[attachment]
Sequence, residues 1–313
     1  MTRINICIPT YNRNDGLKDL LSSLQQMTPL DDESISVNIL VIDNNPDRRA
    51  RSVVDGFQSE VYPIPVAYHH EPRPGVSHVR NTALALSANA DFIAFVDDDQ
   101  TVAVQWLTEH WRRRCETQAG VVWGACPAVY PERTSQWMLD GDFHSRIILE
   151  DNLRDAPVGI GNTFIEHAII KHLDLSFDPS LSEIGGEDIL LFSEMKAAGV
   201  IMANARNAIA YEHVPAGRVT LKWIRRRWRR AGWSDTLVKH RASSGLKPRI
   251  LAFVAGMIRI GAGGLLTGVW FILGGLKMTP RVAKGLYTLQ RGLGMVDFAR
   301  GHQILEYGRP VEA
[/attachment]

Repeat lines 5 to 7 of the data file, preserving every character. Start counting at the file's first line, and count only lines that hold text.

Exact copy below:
   151  DNLRDAPVGI GNTFIEHAII KHLDLSFDPS LSEIGGEDIL LFSEMKAAGV
   201  IMANARNAIA YEHVPAGRVT LKWIRRRWRR AGWSDTLVKH RASSGLKPRI
   251  LAFVAGMIRI GAGGLLTGVW FILGGLKMTP RVAKGLYTLQ RGLGMVDFAR